Another potential roadblock is the lack of availability of vaccines for all and its acceptability. It has been known that there will not be enough vaccine shots for months. Health policy experts and concerned administration teams need to address the issue of equal access to vaccines for the poor. To compound matters, we are faced with the prospects of a deadlier variant of the virus that has emerged in the UK, Nigeria and South Africa.
Having said all that, Christmas is finally here, and the New Year is just around the corner. I can't resist the temptation of ending this message with a word from Haruki Murakami, the Japanese author and philosopher. "And once the storm is over you won't remember how you made it through, how you managed to survive. You won't even be sure, in fact, whether the storm is really over. But one thing is certain. When you come out of the storm you won't be the same person who walked in. That's what this storm's all about."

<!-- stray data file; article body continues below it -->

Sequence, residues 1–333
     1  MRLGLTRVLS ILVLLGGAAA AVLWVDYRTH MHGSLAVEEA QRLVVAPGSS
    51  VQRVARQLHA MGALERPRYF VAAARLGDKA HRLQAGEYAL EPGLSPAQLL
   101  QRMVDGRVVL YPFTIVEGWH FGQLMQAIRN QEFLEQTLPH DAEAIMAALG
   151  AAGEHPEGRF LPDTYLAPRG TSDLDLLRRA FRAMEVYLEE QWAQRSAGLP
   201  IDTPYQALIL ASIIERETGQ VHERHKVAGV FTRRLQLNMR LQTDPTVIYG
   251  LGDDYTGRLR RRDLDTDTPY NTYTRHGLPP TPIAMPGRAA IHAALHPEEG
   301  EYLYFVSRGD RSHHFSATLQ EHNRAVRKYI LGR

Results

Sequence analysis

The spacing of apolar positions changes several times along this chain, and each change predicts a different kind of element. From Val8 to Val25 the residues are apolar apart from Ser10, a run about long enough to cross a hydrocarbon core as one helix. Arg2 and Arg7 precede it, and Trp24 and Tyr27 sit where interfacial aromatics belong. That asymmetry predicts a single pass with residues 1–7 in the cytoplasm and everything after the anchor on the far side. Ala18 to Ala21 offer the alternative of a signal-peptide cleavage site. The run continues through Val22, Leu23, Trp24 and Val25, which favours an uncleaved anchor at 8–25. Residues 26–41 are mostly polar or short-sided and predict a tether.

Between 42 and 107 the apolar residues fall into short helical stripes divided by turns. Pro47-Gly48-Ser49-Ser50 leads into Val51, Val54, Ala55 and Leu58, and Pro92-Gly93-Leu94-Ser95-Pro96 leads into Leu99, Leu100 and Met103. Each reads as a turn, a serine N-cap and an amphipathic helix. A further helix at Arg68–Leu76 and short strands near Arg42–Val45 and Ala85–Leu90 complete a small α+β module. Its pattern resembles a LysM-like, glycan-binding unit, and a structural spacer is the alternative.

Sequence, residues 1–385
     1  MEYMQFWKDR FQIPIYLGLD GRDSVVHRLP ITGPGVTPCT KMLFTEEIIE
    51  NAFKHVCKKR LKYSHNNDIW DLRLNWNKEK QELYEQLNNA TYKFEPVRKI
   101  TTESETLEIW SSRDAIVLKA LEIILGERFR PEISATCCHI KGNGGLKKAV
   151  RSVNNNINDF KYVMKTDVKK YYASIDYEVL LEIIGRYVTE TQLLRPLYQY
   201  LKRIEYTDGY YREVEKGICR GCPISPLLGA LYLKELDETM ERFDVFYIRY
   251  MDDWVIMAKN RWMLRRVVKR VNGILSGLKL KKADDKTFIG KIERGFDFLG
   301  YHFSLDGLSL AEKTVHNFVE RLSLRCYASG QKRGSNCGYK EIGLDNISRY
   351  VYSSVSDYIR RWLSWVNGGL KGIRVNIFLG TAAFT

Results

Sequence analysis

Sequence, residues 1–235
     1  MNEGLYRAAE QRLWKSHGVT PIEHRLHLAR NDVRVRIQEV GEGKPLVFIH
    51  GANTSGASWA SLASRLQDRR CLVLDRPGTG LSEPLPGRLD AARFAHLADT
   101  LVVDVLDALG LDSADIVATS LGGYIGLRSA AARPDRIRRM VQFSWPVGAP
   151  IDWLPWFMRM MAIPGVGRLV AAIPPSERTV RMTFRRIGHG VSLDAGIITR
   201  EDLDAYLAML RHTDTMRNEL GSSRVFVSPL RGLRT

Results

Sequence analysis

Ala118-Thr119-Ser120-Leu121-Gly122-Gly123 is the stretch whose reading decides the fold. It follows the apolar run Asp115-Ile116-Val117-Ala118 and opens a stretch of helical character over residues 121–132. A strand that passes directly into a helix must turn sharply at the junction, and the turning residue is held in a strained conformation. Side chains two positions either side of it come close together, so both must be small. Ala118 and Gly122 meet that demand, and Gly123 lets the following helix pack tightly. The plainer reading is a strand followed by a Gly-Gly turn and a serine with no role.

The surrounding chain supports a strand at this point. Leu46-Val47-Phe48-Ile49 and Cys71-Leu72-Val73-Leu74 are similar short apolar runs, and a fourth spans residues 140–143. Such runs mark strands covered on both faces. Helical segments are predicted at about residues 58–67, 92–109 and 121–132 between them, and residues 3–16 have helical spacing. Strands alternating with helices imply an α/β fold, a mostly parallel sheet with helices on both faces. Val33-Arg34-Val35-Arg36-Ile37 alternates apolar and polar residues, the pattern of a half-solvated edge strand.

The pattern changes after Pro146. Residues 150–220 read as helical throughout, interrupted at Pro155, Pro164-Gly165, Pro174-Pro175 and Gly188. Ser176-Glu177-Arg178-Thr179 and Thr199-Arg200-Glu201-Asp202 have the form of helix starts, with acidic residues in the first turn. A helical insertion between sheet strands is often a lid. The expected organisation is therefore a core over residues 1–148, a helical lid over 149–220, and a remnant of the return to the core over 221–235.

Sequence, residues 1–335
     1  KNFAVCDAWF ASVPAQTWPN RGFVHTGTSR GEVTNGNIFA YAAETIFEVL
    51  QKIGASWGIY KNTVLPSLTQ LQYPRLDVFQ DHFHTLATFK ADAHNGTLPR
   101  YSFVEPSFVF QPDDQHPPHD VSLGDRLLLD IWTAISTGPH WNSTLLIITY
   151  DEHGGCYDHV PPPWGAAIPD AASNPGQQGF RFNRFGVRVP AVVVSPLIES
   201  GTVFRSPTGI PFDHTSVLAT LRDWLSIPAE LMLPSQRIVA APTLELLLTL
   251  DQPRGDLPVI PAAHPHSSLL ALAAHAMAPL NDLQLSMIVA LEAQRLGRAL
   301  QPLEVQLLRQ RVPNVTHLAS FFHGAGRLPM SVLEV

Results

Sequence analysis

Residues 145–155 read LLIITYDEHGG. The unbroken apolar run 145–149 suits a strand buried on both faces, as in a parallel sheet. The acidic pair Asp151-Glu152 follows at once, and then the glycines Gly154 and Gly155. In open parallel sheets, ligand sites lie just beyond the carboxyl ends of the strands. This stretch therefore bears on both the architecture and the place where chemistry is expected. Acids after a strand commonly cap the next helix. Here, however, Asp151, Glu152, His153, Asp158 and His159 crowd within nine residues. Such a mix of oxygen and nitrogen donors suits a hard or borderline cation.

My wishes are that we all come out of the storm that came in 2020 as better human beings.
Dr Abdullah Shibli is an economist and currently works in information technology. He is also Senior Research Fellow, International Sustainable Development Institute (ISDI), a think-tank in Boston, USA.